Is playing/performing/teaching harp what I want to do when I grow up?
    Am I okay with spending the next 4 years largely playing pieces chosen by someone else, or do I only want to play what I want to play?
    Do I love it enough to spend the next four+ years doing practically nothing else? Will having to play harp make me not want to do it?

    Can I be serious about it (without being too serious)? In other words, will being immersed in all things harp make me feel ‘overrun’ or will it be a joy to be surrounded by something I love so much?
    What else am I interested in? What other gifts and talents do I have?
    What are my life goals? Would it be a better fit to major in something else and keep harp on the side, or as a hobby?

    Do I have patience with other people–future clients (“think bridezilla” once in a while) or demanding parents who have put a lot of money into their child’s musical education. On the other hand, what wonderful friendships will I find through music?

    What do I want to do with harp? Can I do that while majoring in something else, or is a music degree required to accomplish those goals?

    You may have other, more relevant questions to ask yourself.

    To me, it seems the life of a musician is time consuming and you have to be dedicated to it, heart and soul. But it seems also to be very personally rewarding. You really are giving your audience a part of yourself when you perform or teach. Will that be fulfilling?

    All that being said, you may think I’m trying to discourage you. Quite the contrary….at this point in my life I wish I had done more with it earlier. I wish I had taken a class in teaching music. I love my harp. I dream of the day I will finally buy a pedal harp. I want to teach lessons but don’t feel prepared for that yet. My first love is my children, which will always take priority over harp. But they won’t be living with me forever, and I think harp will fill the void, so to speak, for me.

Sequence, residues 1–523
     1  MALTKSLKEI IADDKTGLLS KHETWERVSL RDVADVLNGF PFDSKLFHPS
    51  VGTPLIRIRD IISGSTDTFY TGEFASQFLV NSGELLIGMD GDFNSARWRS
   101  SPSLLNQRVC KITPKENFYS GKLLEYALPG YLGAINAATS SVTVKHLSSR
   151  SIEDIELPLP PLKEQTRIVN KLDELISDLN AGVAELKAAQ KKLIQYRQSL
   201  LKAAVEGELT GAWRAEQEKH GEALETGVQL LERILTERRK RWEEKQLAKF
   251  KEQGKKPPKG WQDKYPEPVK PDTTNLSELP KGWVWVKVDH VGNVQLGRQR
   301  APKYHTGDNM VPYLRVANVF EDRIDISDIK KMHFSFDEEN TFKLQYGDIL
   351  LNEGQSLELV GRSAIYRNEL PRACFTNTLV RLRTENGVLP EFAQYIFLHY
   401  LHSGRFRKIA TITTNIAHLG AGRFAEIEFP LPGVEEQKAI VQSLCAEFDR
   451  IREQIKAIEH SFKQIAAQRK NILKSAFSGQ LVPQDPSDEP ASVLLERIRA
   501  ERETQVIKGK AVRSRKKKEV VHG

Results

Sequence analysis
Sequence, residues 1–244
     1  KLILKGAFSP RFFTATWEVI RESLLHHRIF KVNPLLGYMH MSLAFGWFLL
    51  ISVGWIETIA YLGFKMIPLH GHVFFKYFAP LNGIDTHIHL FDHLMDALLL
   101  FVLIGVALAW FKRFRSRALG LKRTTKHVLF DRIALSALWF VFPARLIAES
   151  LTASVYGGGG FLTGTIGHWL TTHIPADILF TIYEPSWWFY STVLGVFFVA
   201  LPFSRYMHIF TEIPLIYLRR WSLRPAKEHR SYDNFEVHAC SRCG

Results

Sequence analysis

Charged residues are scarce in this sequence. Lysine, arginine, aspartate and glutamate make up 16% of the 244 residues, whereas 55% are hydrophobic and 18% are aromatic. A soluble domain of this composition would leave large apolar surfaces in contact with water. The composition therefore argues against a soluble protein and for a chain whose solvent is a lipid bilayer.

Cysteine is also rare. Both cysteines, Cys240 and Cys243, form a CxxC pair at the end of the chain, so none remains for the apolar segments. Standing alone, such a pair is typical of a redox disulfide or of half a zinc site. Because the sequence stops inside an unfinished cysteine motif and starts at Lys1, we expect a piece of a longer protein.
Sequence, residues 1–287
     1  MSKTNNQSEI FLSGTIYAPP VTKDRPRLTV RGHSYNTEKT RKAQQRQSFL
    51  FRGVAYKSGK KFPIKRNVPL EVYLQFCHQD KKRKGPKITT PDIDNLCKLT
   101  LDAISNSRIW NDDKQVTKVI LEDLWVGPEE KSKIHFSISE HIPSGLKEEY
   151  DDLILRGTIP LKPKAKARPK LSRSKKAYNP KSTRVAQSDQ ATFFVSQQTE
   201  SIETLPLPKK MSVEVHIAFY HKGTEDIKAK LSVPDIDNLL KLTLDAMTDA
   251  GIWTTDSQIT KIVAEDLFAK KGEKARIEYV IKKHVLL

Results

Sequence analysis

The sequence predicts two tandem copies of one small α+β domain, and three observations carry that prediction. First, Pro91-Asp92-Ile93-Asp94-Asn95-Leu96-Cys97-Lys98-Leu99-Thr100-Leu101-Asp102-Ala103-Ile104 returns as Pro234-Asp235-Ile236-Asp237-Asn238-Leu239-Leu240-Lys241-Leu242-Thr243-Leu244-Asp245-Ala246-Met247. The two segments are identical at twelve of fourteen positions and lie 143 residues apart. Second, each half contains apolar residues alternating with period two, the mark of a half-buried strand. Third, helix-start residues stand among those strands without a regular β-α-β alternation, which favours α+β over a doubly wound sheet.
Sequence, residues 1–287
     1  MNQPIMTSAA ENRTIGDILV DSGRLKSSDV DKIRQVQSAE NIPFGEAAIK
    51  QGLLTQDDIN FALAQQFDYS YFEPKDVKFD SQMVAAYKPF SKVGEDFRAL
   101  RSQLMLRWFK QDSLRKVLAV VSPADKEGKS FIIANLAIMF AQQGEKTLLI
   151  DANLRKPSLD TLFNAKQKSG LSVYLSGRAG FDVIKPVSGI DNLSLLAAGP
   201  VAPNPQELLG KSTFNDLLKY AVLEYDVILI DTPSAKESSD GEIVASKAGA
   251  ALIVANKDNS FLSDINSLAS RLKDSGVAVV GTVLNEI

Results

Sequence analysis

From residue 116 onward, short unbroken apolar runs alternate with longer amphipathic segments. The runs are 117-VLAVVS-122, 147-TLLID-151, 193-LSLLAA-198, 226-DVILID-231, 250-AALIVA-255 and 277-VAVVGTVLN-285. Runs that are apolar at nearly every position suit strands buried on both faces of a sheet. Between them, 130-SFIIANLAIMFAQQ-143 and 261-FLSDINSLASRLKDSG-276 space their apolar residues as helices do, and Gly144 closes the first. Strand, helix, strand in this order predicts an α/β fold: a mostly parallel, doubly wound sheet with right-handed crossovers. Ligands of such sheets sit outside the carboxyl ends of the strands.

Biagio on #185076

    Let’s look at this from a different angle (which happens to be mine). I majored as an undergraduate in Russian, then proceeded to an MBA in quantitative finance. Thirty years later I fell in love with the harp at age 60ish, so the question one might wish to ask oneself is this: “Do I love the harp enough to devote my life to it?”

    Well, I do now but it’s a bit late to look at a performing career!

    This is not to say that you will actually end up devoting your life to it if you choose it as your major. But if you think you do at this time….that is an pretty important consideration. Consider too that you may not necessarily choose the pedal harp as your instrument. Examples abound, among them Harper Tasche (a virtuoso on the cross strung) and Alfredo Ortiz (who was first a dentist).